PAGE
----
Eric Mitchell, the only councilmember to openly support the latest CO proposal, couldn't let Todd's hypocrisy pass unnoticed. "If it's good enough for baseball, then it's good enough for an emergency," he said. "This is something we know we need. It's critical to public safety. I'm up for re-election in May, but we know we need this." -- A.M.

Thar's Gold, Jim Bob!

In the mad scramble for the world's richest gold deposit, New Orleans-based Freeport-McMoRan Copper & Gold has apparently won. When Bre-X Minerals, a small Calgary, Alberta-based mining company, found the gigantic Busang deposit on the island of Borneo in 1995, some of the world's biggest gold companies began lobbying the corrupt regime of Indonesian President Suharto for the right to become Bre-X's partner.

Barrick Gold of Toronto used two members of their advisory board -- Canadian prime minister Brian Mulroney and former U.S. President George Bush, to curry favor with Suharto, and also hired one of his daughters. Bre-X hired one of Suharto's sons, at a reported sum of a million dollars a month. Barrick and Bre-X were thought to have clinched the deal.

But Freeport's flamboyant CEO, Jim Bob Moffett, was quietly working in the background. Already mining the massive Grasberg deposit on the western side of Papua, New Guinea, Freeport also wanted a slice of Busang, which contains at least 70 million ounces of gold, worth an estimated $25 billion. Freeport has long had close ties to Suharto's regime. On Monday, Freeport and Bre-X announced that they are to be partners in the Busang deal. Freeport will own 15% of the venture, and kick in $400 million to build and operate the mine.

It's interesting to note that Congressional investigators are looking at several companies operating in Indonesia for potential violations of the Foreign Corrupt Practices Act, which prohibits American companies from paying bribes to foreign officials. In 1995, Transparency International and the University of Goettingen released a ranking of the world's most corrupt countries, ranking Indonesia #1 by a wide margin. Last year, Indonesia ranked #10. The Busang mining contract was widely regarded as a contest to see who could provide the most lucrative deal for Suharto and his cronies. Freeport obviously won. -- R.B.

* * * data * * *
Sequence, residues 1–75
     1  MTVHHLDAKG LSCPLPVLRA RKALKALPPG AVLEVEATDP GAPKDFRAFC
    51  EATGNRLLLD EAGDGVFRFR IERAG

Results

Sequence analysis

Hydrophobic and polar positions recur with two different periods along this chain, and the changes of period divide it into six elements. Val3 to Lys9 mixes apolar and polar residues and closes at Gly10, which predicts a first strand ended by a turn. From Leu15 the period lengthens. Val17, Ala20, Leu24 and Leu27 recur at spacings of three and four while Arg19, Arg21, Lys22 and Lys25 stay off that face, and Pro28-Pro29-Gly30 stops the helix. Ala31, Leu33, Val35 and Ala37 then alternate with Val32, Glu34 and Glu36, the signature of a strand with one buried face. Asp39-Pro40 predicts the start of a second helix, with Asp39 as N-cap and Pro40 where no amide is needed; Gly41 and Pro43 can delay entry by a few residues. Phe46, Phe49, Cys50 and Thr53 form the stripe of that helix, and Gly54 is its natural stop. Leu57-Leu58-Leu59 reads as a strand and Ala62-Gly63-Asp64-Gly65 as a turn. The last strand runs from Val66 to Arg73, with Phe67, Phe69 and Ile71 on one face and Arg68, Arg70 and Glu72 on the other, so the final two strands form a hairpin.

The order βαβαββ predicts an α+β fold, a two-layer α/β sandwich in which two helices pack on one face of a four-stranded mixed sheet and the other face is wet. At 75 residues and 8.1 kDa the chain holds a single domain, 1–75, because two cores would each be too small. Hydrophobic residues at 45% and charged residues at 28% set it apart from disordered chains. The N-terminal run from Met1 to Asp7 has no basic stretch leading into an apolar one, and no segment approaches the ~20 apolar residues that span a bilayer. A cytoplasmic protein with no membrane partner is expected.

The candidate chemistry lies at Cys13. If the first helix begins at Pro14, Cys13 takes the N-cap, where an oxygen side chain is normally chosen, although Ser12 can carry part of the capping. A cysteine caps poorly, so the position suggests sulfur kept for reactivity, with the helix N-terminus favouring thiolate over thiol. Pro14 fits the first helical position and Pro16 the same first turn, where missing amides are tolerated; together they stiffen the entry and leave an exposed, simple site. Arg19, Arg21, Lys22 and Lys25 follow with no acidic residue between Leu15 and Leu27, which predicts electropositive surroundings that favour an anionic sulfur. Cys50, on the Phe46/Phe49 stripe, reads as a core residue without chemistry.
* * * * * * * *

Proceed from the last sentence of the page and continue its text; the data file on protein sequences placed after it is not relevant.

US290's Toll

No sooner had the results come in from one task force study on water pollution from US290 West than the Austin Transportation Study (ATS) assigned another task force to examine runoff from the eastern section of the freeway. At an ATS meeting this month, State Rep. Sherri Greenberg, task force chair in the first study, reported the results of the year-long effort and offered recommendations on protecting the Edwards Aquifer from highway runoff, including eliminating a proposed flyover at US290 and State Hwy71 in Oak Hill, and narrowing the freeway corridor through Oak Hill. The Texas Department of Transportation (TxDOT) is reviewing the study, but is not obligated to follow the recommendations. Meanwhile, the ATS lifted a moratorium on TxDOT's further right-of-way acquisition for the freeway through Oak Hill.

At the same meeting, the ATS also voted to establish a second task force to investigate a 15-foot-diameter tunnel that TxDOT plans to build to drain stormwater from the I-35/US290 interchange into Williamson Creek. State Rep. Glen Maxey advocated studying the tunnel's effect on flooding and pollution in Williamson Creek and McKinney Falls. "There is something woefully wrong in our process if TxDOT can state that an Environmental Impact Statement (EIS) done in 1987 is adequate, when existence of the tunnel wasn't even thought up at that time," Maxey said.